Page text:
Secretary of State Jon Husted said Wednesday that his office found nearly 300 people who are non-U.S. citizens but registered to vote in Ohio, including 17 who appear to have voted in the 2012 presidential election. Those 17 cases, including four from Cuyahoga County, have been referred to Ohio Attorney General Mike DeWine for possible prosecution. The cases illustrate the need for online voter registration as a way to further bolster the integrity of Ohio’s voting system, Husted said in a news conference. Data incorporated in an online registration system would have caught any non-citizen attempting to register in that manner. “If the legislature had approved online registration and these individuals had attempted to register using that system, they could have been prevented from registering and they and our elections system would be better off,” he said. “I again ask the legislature to take swift action on this common sense reform.”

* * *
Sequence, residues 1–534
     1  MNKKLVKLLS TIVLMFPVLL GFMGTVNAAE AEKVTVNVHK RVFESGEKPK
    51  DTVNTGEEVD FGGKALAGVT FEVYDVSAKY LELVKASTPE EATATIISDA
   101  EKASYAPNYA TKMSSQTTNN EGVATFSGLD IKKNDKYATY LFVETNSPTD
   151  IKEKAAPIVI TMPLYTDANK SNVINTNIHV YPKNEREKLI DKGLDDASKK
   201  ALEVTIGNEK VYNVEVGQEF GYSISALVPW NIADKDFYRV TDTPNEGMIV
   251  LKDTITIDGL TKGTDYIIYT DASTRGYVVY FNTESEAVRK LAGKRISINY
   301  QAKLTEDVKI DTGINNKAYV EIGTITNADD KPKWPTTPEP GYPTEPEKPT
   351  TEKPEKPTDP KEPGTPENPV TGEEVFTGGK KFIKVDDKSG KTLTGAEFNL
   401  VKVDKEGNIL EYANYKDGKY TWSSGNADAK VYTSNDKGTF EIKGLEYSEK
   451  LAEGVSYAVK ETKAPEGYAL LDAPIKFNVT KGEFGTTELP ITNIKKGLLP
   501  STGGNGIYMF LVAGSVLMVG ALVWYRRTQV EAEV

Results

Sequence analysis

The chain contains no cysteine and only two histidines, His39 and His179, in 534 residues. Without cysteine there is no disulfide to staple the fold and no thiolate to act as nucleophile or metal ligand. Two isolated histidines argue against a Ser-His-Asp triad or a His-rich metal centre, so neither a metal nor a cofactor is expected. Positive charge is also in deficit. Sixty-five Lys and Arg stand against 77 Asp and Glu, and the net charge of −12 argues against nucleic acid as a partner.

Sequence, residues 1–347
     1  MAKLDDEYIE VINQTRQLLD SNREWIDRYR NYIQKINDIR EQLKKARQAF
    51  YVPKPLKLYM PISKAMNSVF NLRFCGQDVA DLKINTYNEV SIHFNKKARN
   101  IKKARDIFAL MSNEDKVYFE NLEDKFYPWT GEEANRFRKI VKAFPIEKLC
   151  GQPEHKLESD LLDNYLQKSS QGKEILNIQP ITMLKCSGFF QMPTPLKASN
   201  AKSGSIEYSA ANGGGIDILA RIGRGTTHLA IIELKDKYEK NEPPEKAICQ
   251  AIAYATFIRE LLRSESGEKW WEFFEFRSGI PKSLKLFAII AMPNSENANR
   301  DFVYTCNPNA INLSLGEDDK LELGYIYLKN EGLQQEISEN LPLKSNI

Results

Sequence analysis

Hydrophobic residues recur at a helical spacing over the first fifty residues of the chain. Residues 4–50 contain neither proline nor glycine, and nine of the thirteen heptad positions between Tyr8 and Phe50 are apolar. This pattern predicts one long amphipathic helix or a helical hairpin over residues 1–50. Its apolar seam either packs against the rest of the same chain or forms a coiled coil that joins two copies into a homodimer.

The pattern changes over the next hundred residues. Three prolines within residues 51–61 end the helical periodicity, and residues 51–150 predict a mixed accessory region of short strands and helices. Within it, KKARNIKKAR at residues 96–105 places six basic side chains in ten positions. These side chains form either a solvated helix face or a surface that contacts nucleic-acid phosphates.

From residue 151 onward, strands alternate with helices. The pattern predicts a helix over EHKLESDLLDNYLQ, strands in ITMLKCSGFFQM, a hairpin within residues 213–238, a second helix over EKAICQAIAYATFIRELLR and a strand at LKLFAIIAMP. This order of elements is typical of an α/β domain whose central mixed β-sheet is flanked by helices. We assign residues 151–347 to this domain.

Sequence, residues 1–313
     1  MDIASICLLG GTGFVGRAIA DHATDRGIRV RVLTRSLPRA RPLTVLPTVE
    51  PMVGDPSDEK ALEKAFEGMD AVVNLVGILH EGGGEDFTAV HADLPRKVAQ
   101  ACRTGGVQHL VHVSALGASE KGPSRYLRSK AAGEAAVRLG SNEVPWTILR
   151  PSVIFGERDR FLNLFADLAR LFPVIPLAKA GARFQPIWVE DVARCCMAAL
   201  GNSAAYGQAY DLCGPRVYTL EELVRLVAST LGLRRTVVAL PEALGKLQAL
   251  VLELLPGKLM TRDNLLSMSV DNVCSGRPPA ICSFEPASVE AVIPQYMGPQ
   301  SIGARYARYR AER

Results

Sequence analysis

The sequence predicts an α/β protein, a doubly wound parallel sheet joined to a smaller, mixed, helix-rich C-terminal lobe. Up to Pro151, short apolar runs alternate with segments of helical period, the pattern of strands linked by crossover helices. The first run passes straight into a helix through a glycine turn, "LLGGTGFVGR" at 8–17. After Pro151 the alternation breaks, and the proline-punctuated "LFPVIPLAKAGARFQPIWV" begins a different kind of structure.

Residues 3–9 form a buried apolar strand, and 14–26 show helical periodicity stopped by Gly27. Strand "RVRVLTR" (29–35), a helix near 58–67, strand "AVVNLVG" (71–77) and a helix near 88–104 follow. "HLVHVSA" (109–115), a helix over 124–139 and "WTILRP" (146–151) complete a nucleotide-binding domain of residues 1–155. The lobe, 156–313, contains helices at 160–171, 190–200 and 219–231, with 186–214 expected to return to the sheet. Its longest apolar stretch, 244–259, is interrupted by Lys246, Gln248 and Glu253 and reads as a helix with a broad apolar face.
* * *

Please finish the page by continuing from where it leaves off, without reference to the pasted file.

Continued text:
In all of the cases, the non-citizens are in Ohio legally, Husted said. But Ohio and federal law prohibit non-citizens from voting. And in filling out paperwork to register to vote, the the people had to attest that they were citizens.
While the 17 who did vote were referred for prosecution, 274 others who did not vote will be contacted to allow them to voluntarily terminate their registrations.
“Each of them will received a letter reminding them that as non-citizens, they are not eligible to vote, and providing them forms to cancel their registrations,” Husted said. The attorney general’s office has concurred on that approach, he said.
There did not appear to be any pattern among the cases, Husted said. While larger counties tended to have the most cases, they were scattered among 29 counties, including some less populated ones.